Stonehenge NYC picked up the 196-unit building at 408 East 92nd Street for about $115 million from UBS on Monday, as the property nears the end of an agreement to keep 20 percent of its apartments rent stabilized, according to a source with knowledge of the deal.
The tower, dubbed RiverEast, benefits from the state’s now-expired 421a program. But after the deal expires in 2026 Stonehenge can either convert all the apartments to market-rate housing or extend the affordability commitment for another 15 years as long as it makes 25 percent of the units rent stabilized, The Real Deal reported.
Stonehenge hasn’t decided if it will keep the affordability component, the source said. A spokesperson for Stonehenge did not immediately respond to a request for comment. A representative for UBS declined to comment.
RiverEast’s apartments rent for up to $7,000 a month for a two-bedroom unit, though its affordable homes are capped at $931 a month for households making no more than $51,560 a year, according to the New York City Department of Housing Preservation and Development and RiverEast’s website.
UBS bought the 194,000-square-foot building for $94.8 million in 2006 and started marketing the tower for sale last year, though the deal closed for slightly less than the $120 to $125 million UBS hoped to get, TRD reported.
Stonehenge bought RiverEast debt-free, and Eastdil is currently shopping for acquisition financing, according to the source.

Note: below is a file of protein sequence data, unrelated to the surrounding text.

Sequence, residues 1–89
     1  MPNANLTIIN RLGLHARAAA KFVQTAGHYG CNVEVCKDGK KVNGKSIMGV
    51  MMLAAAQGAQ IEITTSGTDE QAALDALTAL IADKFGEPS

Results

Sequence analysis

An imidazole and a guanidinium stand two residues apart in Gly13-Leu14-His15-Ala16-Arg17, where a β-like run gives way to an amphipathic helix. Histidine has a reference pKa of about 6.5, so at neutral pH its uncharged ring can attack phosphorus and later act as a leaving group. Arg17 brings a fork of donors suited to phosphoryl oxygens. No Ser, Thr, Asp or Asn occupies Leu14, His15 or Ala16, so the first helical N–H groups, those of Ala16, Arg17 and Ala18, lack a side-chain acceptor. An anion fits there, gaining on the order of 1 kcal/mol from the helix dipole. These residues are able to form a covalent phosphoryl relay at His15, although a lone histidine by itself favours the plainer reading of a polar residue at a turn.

A 32-story Upper East Side rental tower just got a new owner, and renewed questions about its affordability, Commercial Observer has learned. Stonehenge NYC picked up the 196-unit building at 408 East 92nd Street for about $115 million from UBS on Monday, as the property nears the end of an agreement to keep 20 percentRead MoreChannel, Residential, Sales, 408 East 92nd Street, Daniel Parker, Eastdil Secured, Gary Phillips, RiverEast, Stonehenge NYC, UBS, will silverman Commercial Observer Read More
Robert Khodadadian has long had a simple philosophy about selling real estate. The way he sees it, there are approximately a million buildings in the city, and the broker that gets to sell any one among the multitude that will hit the auctioning block at a given moment is, sometimes, simply the person who happens to pitch their services to the right seller at the right time.
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